1. Coincidence. Most of the minor agreements are attributed to the independent, coincidental redaction of Mark by Matthew and Luke. Streeter stated that "the majority of these agreements do not require any explanation at all" because they are the natural result of Matthew's and Luke's production of their own gospels. In this category, Streeter noted Matthew and Luke compression of Mark's diffuse style and their improvements of Mark's rough Greek, which is the most colloquial in the New Testament and influenced by an Aramaic coloring.
  2. Overlaps with Q. Streeter attributed some agreements of Matthew and Luke against Mark to their common of use of Q in those passages that Mark and Q overlapped.
  3. Overlapping Oral Tradition. Stein suggested that. in minor agreements that appear "primitive," Matthew and Luke preferred their form of oral tradition over Mark. [Stein 1987: 126-27]
  4. Textual Corruption. Streeter argued that, in a few cases, the best manuscript copies of the gospels do not reflect the original text in a manner that produces with Matthew and Luke agree against Mark.


The arguments in favor of the 2SH have greatly evolved over the course of its long history. Many arguments have been advanced, gained popularity, and were later withdrawn. The modern argument for the 2SH, consequently, is a carefully nuanced, cumulative argument that avoids the pitfalls of yesteryear.

It is convenient to divide the history of the 2SH into four stages: (a) Precursors, before 1838, (b) Conception, 1838-1863, (c) Establishment, 1863-1924, and (d) Defense, after 1924.

A. Precursors (before 1838)

Serious study of the synoptic problem began in the late eighteenth century during the Enlightenment. The most prominent source critic in the early period was Griesbach who argued for the theory that now bears his name (Mark's being a conflation of Matthew and Luke) in 1783 and 1789. Around this time, early critics began to formulate the separate theses that would later coalesce to form the 2SH. In particular, Storr in 1786 argued for the priority of Mark, and Marsh in 1801 argued for a Q-like document. [Storr 1786; Marsh 1801].

Storr was one of Griesbach's challengers, arguing that Mark, not Matthew, was the earliest, and that both Matthew and Luke used Mark. For the double tradition, however, Storr was undecided about whether Luke used Matthew (thus almost anticipating the Farrer Hypothesis) or whether Matthew's translator used Luke (cf. the Wilke Hypothesis).

Marsh's synoptic theory was very mechanical, proposing three main hypothetical Hebrew documents, which comprised the Matthew-Mark agreements against Luke (Aleph1, labeled "pMt"), the Mark-Luke agreements against Matthew (Aleph2, labeled "pLk"), and the Matthew-Luke agreements against Mark (Beth, labeled "Q"), respectively. The first two of these documents themselves were derived from a fourth hypothetical document Aleph (labeled "G"), which contained the Matthew-Mark-Luke triple agreements. The other source, Beth, was a sayings collection that was similar to Q.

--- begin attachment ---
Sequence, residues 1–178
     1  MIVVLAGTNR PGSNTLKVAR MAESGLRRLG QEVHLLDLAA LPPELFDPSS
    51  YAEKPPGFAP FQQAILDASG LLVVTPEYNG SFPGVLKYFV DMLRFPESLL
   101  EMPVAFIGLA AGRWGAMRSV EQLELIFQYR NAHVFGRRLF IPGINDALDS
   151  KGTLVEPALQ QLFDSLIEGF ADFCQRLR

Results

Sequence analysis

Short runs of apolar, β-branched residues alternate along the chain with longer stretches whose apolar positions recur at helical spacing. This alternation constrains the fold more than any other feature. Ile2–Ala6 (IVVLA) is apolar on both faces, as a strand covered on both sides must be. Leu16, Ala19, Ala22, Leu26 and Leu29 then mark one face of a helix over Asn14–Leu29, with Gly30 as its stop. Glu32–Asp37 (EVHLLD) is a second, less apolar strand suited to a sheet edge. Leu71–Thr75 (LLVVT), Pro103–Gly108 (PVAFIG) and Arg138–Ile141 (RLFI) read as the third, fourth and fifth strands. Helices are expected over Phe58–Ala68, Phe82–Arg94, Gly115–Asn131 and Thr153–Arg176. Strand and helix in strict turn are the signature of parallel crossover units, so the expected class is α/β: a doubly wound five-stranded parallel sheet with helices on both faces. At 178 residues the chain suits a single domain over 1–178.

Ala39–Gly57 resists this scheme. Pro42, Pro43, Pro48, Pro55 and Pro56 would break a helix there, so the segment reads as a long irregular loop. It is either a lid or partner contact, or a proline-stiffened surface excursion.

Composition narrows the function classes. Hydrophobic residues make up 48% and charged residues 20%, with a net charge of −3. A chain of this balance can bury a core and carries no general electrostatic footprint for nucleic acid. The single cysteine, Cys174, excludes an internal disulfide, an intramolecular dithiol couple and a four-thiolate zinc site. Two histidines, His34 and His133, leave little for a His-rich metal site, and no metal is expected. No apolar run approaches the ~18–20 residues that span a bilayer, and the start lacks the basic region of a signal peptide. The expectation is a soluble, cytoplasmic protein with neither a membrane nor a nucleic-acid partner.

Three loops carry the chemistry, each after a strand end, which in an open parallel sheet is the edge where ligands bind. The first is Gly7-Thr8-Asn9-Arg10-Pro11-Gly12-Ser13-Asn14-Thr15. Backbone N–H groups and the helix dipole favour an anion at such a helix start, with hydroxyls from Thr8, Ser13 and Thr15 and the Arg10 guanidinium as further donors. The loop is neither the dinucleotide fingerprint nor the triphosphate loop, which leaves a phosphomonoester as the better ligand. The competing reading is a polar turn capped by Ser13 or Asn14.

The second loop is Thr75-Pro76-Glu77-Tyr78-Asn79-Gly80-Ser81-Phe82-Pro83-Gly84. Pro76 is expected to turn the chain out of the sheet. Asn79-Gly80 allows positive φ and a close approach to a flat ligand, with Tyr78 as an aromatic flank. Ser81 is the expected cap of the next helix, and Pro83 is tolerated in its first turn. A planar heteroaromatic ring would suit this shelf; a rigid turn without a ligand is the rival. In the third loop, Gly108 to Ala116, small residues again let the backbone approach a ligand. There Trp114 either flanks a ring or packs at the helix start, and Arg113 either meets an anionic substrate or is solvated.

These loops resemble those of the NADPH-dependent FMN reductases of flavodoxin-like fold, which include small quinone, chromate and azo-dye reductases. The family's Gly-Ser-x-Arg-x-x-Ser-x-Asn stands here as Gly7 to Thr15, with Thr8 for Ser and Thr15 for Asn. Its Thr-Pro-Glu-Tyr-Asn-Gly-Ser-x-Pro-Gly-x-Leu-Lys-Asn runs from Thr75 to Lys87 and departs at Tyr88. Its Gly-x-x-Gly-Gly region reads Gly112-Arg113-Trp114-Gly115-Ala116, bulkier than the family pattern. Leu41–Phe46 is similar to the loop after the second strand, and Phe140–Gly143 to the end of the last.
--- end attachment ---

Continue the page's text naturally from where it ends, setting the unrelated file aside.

Marsh's theory has an important contact with the 2SH, namely, the postulation of a Q-like hypothetical sayings source, Beth, that is largely responsible for the double tradition. Since Marsh offered a Griesbach-like explanation for the origin of Mark as a conflation of Aleph 1 (proto-Matthew) and Aleph 2 (proto-Luke), however, Marsh should not deserve credit as the originator of the 2SH. A modern variant of Marsh's theory is Rolland's Hypothesis.

Storr's and Marsh's views passed out of favor and left no direct effect on the course of the synoptic problem. A generation later in the 1830s, two scholars laid the groundwork for what would become the two fundamental tenets of the 2SH. [Schleiermacher 1832; Lachmann 1835].

Schleiermacher's Fragmentary Hypothesis held that the synoptic gospels were composed from a multiplicity of shorter documents. In 1832, Schleiermacher argued that one of these documents was attested by the testimony of Papias, a second century bishop. According to Schleiermacher, Papias' term logia (logia) should be understood to refer to a sayings document that Matthew compiled.

Karl Lachmann, also a proponent of the Fragmentary Hypothesis, subdivided the narrative portions of the synoptics into roughly nine separate sections. Investigating how these sections were eventually arranged in the individual gospels, Lachmann concluded that the Mark's order best reflected a relatively fixed oral sequence for these sections and found reasons for Matthew and Luke to depart from this fixed oral sequence.

B. Conception (1838-1863)

Weisse (Wilke), Holtzmann

C. Establishment (1863-1924)

Wernle, Oxford School, Hawkins, Streeter

D. Defense (1924 - present)

Styler, Neirynck, Tuckett

Publications and Reviews

Stephen C. Carlson
Created: March 21, 1999
Revised: September 18, 1999
Back to the Synoptic Problem Home Page